A corporate action in which a company divides its existing shares into multiple shares. Although the number of shares outstanding increases by a specific multiple, the total dollar value of the shares remains the same compared to pre-split amounts, because the split did not add any real value.
The most common split ratios are 2-for-1 or 3-for-1, which means that the stockholder will have two or three shares for every share held earlier.
Also known as a "forward stock split. For example, assume that XYZ Corp. Why do companies go through the hassle and expense of a stock split?
For a couple of very good reasons:. First, a split is usually undertaken when the stock price is quite high, making it pricey for investors to acquire a standard board lot of shares. Second, the higher number of shares outstanding can result in greater liquidity for the stock, which facilitates trading and may narrow the bid-ask spread.
While a split in theory should have no effect on a stock's price, it often results in renewed investor interest, which can have a positive impact on the stock price. While this effect can be temporary, the fact remains that stock splits by blue chip companies are a great way for the average investor to accumulate an increasing number of shares in these companies.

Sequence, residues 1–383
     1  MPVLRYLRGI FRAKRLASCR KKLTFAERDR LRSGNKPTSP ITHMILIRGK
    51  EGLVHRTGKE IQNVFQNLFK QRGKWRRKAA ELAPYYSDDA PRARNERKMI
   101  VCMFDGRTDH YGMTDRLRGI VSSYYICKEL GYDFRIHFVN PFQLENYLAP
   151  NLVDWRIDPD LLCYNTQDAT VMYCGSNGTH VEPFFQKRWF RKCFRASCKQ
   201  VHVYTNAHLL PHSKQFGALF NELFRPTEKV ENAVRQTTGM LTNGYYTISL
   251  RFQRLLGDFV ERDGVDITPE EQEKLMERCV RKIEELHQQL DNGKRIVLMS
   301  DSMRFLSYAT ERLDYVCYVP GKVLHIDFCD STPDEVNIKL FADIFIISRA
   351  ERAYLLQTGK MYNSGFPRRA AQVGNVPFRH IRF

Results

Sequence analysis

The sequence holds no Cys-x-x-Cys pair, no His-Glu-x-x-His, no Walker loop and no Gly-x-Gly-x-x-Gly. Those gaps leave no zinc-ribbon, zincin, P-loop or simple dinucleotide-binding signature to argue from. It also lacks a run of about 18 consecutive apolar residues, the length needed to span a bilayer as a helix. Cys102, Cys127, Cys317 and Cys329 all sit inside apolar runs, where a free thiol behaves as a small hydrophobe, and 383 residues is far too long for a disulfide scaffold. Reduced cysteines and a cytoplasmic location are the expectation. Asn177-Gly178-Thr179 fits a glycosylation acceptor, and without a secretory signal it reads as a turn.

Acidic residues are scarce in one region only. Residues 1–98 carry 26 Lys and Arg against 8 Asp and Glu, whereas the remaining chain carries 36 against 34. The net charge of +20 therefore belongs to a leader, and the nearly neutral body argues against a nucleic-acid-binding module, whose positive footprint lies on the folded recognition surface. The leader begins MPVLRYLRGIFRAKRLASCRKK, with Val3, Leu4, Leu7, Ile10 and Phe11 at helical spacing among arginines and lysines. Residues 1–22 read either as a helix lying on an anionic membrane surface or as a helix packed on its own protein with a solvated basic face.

Many of the best companies routinely exceed the price level at which they had previously split their stock, causing them to undergo a stock split yet again. Wal-Mart, for instance, has split its shares as many as 11 times on a 2-for-1 basis from the time it went public in October to March Dictionary Term Of The Day. A conflict of interest inherent in any relationship where one party is expected to Broker Reviews Find the best broker for your trading or investing needs See Reviews.
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